Generate as many ideas as possible
 – the more ideas you come up with, the better chance you have of coming up with good ones.

Don’t criticise – it will dampen peoples enthusiasm and kill their creativity.

Welcome unusual ideas – it’s important to break out of your usual mindset and consider wild and wacky ideas if you want to be really creative.

Combine and improve ideas – instead of criticising ideas, look for way to use them in combination and/or make them better.

Seems like a great way to quickly gather the best ideas from the most amount of people, right? Well, um, no, not really. Turns out, brainstorming doesn’t work as well as it should. In fact, it does exactly what it’s trying to avoid. According to current research, the ideas produced are mediocre, the majority of suggestions don’t conform to the right guidelines and are a waste of time, people are too intimidated to speak up (yes, this happens even in the anonymity of cyberspace), and ultimately, groupthink takes over, leading to bad ideas being pursued.

What do all of the above examples of creativity crowdsourcing have in common? They are basically online brainstorming. Even Kindle Worlds is, in essence, a slightly longer brainstorming session: an idea by one person, expanded by another, and produced by a third.

You throw in money and it gets even more constrained. Instead of asking what would be the best way for the character to grow or if this is an original idea, you end up asking will this book sell and can we fit this into future story lines already being developed? Gone is wild exploration and true creative adventure. Here there be plastic dragons that conform to the lowest common denominator and poop out wads of cash.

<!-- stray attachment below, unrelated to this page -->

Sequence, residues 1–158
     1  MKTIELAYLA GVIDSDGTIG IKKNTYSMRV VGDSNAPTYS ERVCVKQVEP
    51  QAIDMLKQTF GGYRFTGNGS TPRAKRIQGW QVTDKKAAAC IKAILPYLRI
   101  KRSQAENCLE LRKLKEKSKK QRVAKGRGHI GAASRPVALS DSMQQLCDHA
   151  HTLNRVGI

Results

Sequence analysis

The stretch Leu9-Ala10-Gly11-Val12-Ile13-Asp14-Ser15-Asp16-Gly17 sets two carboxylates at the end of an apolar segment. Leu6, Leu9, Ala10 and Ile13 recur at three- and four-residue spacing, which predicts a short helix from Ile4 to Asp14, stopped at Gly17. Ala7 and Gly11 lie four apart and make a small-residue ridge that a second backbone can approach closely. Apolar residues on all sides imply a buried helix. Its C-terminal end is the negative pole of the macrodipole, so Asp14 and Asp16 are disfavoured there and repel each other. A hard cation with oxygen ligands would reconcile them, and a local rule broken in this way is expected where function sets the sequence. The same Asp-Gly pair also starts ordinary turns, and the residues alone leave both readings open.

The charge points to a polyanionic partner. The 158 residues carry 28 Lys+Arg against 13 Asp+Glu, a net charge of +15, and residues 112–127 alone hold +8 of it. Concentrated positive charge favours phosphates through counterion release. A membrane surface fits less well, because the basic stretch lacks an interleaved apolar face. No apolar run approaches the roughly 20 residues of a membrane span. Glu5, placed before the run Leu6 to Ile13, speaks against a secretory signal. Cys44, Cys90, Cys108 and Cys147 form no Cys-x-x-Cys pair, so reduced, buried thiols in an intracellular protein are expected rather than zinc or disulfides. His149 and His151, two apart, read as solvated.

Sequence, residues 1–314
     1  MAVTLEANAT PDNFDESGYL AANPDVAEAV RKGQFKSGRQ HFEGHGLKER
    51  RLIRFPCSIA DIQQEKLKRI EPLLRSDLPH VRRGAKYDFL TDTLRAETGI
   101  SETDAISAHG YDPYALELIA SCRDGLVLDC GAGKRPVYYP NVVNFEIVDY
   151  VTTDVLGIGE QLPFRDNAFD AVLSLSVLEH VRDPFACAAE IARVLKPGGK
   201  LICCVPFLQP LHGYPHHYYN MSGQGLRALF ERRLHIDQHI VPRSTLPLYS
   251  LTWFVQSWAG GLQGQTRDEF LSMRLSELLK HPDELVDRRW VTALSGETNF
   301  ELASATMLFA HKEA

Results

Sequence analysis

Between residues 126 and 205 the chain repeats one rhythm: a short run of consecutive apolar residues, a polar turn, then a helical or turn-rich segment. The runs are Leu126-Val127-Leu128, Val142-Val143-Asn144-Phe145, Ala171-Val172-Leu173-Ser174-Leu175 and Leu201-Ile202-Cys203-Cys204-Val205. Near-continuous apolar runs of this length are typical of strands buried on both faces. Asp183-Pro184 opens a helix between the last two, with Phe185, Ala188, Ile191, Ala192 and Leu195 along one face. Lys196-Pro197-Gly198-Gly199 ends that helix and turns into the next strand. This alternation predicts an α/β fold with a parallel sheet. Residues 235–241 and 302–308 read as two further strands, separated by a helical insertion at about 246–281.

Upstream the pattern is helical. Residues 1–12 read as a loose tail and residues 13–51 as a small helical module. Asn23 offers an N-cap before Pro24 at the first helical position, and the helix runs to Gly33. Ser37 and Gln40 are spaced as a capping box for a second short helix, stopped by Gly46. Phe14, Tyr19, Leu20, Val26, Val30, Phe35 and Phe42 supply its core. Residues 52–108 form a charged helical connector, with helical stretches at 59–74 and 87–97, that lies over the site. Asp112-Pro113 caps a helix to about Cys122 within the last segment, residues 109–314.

I don’t think this is the death of real authors or fresh ideas by any means. Authors will continue to pound away on keyboards in cafes, producing innovative stuff. But I think this new money stream narrows the market. If a publisher can make more money off an idea they already own, they will chose that rather than search for new talent. And Kindle Worlds does signal the end of certain kinds of fan fiction being readily available for free. If more publishers join in, many others will follow. While this won’t affect a lot of people, the fact that ideas are becoming more and more factory produced eventually will. Writers, like publishers,will follow the money. They have to eat, just like a lay person does. So let’s make sure the money isn’t all in brainstormed manuscripts based on unoriginal ideas, ok? In 20 years, I don’t want the new Law and Order: SVU book to be my only choice for a vacation read. Yes, that series will still be on in 20 years, trust me.